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U$1bn steel project gathers pace

U$1bn steel project gathers pace

Critical departments such as the Environmental Management Agency (EMA) and the Department of Immigration have been implored to speedily process requests from Tsingshan Holdings Group, which is undertaking the US$1 billion Manhize Iron Ore and
Steel project.

This comes as some 50 advance professionals and heavy equipment are set to arrive fromvChina in the next few weeks to help pace up the key project, which at peak, could become Africa’s second biggest steel plant.

A National Technical Committee that toured the sites for the project last Friday, was happy with developments so far.

The technical committee, chaired by Mines and Mining Development Ministry Permanent Secretary, Dr Onesmo Moyo and other experts from Government, toured the sites to assess the group’s level of preparedness.

Tsingshan Holdings general manager Mr Benson Xu attended the assessment with other experts associated with the Chinese mining giant.

Mr Benson said since the project would create up to 4 500 jobs for Zimbabweans, and other professionals, the group needed maximum cooperation.

A report compiled after the tour notes that the road branching from Mavise turn-off to the right as one travels from Chivhu to Mvuma, needs to be worked on as it stretches to the smelting plant which houses offices, the blast furnace and accommodation for 300 workers.

The report adds that there was a tussle between Chikomba District, located in Mashonaland East Province and Chirumhanzu District located in the Midlands Province, to win a smelting plant settlement on a land of 8 400 hectares within each administrative district’s
boundaries.

It is understood that after the investor’s cost benefit analysis and geological assessments, they favoured Chirumhanzu where the smelting plant would be located in Phase 1 and works are underway.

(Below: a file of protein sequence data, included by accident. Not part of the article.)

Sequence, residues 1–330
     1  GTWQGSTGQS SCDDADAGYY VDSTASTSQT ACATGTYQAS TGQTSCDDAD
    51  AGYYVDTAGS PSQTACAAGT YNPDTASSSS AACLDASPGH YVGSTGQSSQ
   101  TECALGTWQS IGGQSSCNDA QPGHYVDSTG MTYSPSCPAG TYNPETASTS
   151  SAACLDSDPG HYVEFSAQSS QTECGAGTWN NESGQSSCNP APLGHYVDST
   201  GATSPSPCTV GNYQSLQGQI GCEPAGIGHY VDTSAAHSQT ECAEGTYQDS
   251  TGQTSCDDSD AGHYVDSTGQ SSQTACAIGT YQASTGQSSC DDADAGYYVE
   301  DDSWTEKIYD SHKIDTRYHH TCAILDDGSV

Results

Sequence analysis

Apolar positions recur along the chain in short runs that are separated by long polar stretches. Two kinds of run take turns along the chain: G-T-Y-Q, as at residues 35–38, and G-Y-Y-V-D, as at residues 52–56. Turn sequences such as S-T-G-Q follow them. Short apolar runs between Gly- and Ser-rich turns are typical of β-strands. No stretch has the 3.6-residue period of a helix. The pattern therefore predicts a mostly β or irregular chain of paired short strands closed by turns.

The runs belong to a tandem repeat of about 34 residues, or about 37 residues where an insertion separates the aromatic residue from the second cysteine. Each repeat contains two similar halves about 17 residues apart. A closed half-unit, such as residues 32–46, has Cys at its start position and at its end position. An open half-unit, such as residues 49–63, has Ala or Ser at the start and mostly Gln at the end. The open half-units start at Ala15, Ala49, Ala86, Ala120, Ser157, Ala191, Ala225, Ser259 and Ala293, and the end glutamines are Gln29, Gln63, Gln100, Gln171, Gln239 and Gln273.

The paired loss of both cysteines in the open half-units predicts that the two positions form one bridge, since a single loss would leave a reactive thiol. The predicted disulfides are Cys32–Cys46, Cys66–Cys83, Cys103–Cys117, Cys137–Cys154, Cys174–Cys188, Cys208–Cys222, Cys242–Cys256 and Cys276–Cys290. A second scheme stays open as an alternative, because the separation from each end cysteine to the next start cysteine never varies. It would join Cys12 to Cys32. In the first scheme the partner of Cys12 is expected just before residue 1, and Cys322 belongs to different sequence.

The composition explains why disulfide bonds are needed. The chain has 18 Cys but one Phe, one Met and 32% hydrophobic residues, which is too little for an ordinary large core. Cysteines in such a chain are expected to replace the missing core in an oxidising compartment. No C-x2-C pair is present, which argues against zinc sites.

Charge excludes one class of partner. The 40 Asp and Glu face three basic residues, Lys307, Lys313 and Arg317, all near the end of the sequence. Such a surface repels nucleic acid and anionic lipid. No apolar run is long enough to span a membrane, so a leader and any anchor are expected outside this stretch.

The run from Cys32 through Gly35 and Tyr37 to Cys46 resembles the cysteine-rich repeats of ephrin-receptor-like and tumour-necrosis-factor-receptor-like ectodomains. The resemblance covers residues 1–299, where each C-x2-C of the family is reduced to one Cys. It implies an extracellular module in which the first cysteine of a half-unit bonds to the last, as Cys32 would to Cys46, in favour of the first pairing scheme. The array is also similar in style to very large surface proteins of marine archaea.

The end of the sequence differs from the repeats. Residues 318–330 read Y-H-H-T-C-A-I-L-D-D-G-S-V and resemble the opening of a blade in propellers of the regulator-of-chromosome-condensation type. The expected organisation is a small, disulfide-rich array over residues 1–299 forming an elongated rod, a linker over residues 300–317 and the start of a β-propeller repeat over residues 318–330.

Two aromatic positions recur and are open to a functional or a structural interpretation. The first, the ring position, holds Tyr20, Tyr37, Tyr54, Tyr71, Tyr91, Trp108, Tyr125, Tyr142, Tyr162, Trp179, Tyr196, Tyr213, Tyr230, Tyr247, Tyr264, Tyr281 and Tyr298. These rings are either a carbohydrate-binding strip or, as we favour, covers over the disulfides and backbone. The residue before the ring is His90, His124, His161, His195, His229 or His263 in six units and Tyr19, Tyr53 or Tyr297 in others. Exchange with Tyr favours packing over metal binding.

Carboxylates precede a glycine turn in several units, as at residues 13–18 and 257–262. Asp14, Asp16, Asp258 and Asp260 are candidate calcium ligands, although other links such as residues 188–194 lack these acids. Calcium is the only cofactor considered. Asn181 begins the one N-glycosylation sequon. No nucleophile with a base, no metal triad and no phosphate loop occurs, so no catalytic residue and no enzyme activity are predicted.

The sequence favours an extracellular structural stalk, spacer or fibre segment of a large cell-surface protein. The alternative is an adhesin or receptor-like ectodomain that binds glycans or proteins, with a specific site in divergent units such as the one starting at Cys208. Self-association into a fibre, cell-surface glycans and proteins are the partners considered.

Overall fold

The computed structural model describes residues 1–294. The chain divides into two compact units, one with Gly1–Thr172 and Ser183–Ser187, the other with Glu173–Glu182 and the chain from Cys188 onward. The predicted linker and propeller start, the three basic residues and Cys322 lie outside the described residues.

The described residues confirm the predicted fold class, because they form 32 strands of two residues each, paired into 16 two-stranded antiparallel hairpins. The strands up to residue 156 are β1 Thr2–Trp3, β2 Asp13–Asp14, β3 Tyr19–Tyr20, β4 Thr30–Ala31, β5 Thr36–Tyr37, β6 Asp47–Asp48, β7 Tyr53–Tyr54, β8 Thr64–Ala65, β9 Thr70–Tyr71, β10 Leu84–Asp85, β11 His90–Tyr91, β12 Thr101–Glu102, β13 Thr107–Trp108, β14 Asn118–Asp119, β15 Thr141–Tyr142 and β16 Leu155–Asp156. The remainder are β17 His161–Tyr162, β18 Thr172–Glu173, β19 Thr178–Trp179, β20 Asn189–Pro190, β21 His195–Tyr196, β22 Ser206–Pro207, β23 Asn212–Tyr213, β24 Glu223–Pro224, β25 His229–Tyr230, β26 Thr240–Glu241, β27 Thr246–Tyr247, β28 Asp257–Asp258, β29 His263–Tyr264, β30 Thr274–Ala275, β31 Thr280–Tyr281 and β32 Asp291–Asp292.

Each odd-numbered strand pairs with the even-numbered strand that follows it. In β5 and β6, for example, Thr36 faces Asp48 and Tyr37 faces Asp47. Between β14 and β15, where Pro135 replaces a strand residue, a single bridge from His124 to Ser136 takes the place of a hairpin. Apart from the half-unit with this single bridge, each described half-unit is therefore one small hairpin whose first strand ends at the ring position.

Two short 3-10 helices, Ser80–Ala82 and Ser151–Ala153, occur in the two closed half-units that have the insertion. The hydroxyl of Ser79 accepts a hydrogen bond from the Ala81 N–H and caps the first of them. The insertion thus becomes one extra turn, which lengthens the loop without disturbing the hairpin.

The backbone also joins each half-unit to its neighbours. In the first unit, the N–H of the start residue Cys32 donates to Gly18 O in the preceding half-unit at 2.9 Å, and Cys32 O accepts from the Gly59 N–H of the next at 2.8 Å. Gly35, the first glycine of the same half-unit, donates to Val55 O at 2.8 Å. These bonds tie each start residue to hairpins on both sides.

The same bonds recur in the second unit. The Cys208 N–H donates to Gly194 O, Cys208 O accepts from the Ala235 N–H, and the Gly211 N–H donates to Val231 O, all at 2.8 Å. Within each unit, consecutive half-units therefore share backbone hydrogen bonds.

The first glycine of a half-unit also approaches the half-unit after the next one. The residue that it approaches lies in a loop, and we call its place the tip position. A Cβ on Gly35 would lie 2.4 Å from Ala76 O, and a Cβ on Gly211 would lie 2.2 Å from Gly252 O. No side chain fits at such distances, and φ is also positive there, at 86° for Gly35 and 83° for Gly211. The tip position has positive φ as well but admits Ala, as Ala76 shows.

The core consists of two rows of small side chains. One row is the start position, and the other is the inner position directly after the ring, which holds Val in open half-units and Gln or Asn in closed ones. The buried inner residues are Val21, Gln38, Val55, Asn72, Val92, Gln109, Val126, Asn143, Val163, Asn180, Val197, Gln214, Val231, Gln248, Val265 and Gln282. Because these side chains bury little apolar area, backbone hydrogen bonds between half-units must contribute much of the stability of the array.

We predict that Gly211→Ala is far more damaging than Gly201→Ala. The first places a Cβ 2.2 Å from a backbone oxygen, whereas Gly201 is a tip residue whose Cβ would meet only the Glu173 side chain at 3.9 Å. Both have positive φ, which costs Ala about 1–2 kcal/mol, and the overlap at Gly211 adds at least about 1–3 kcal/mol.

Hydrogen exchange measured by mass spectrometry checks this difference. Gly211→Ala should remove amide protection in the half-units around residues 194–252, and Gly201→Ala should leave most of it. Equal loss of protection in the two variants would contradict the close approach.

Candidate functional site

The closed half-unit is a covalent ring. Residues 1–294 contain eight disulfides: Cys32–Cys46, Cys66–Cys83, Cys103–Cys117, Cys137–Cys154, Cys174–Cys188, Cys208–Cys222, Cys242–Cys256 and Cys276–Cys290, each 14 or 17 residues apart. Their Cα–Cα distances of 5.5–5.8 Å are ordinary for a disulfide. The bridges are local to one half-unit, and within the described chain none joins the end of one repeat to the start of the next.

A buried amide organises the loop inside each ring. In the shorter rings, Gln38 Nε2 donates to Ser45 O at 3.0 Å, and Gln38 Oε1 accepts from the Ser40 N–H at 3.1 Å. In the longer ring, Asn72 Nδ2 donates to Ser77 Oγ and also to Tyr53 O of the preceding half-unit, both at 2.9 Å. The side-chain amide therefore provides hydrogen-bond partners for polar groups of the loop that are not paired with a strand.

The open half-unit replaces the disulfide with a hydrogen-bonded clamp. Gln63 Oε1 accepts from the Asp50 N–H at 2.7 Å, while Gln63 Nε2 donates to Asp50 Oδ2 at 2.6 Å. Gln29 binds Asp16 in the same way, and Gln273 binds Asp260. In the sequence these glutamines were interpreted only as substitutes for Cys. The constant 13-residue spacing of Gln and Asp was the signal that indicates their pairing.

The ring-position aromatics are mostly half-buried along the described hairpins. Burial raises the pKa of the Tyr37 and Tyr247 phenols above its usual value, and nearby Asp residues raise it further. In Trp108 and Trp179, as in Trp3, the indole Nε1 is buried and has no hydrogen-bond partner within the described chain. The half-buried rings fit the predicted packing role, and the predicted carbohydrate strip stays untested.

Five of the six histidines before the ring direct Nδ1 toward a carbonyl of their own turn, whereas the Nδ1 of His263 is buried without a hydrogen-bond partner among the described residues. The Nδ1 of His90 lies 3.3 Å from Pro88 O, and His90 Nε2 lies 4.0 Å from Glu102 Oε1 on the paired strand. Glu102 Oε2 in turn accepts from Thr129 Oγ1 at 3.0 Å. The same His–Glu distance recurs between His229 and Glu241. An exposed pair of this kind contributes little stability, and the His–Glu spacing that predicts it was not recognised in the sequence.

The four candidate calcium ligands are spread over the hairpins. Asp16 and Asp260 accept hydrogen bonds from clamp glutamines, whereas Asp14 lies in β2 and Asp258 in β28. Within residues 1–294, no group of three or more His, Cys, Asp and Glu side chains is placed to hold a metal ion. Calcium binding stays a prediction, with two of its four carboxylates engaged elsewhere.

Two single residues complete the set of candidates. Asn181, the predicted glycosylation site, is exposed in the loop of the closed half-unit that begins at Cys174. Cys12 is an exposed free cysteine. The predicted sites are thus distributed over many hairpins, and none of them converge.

Site manager Mr Jonson Bai said the dust road from Mavise turn-off to the plant site would be tarred while a bridge would be constructed at Munyati River.

The mining town’s settlement is yet to be determined, but indications are that it would be
located in Chirumhanzu.

Phase 2 of the mining project would be located at Chikomba District’s Manhize next year as three quarters of the iron block is located in Chikomba.

A dam is also to be constructed along Munyati River as the plant needed a lot of water for its operations.

Mr Johnson added that the road network leading to the smelting plant would be gravelled this year before being tarred next year, including other road that connect to the smelting plant.

Tsingshan Group, with support from Ministry of Transport and Infrastructural Development, would construct a bridge this year.
At the smelting plant, about 26km from Mavise Turn-off, some staff quarters are already being constructed. The smelting plant would have a blast furnace, offices for various departments at the Tsingshan Plant and a police post.

A 95km high voltage power line is set to be constructed and completed before the commissioning of the plant next year, while a backup power line of the same voltage would be constructed from Selous near Chegutu, a distance of about 97km to the smelting plant.

This project is expected to be completed in 2023.
But temporary low voltage power line from Chikomba is to be connected within two weeks for use during the construction phase at the plant.

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Mr Phanuel Mangisi, EMA’s Environmental Impact Assessment (EIA) and Environmental Protection Manager, expressed the agency’s eagerness to cooperate with Tsingshan.

Dr Moyo said he was grateful to the National Technical Committee’s commitment, especially considering that authorities want “a good result at the end of the day”.

 

 

 

 

 

The Herald

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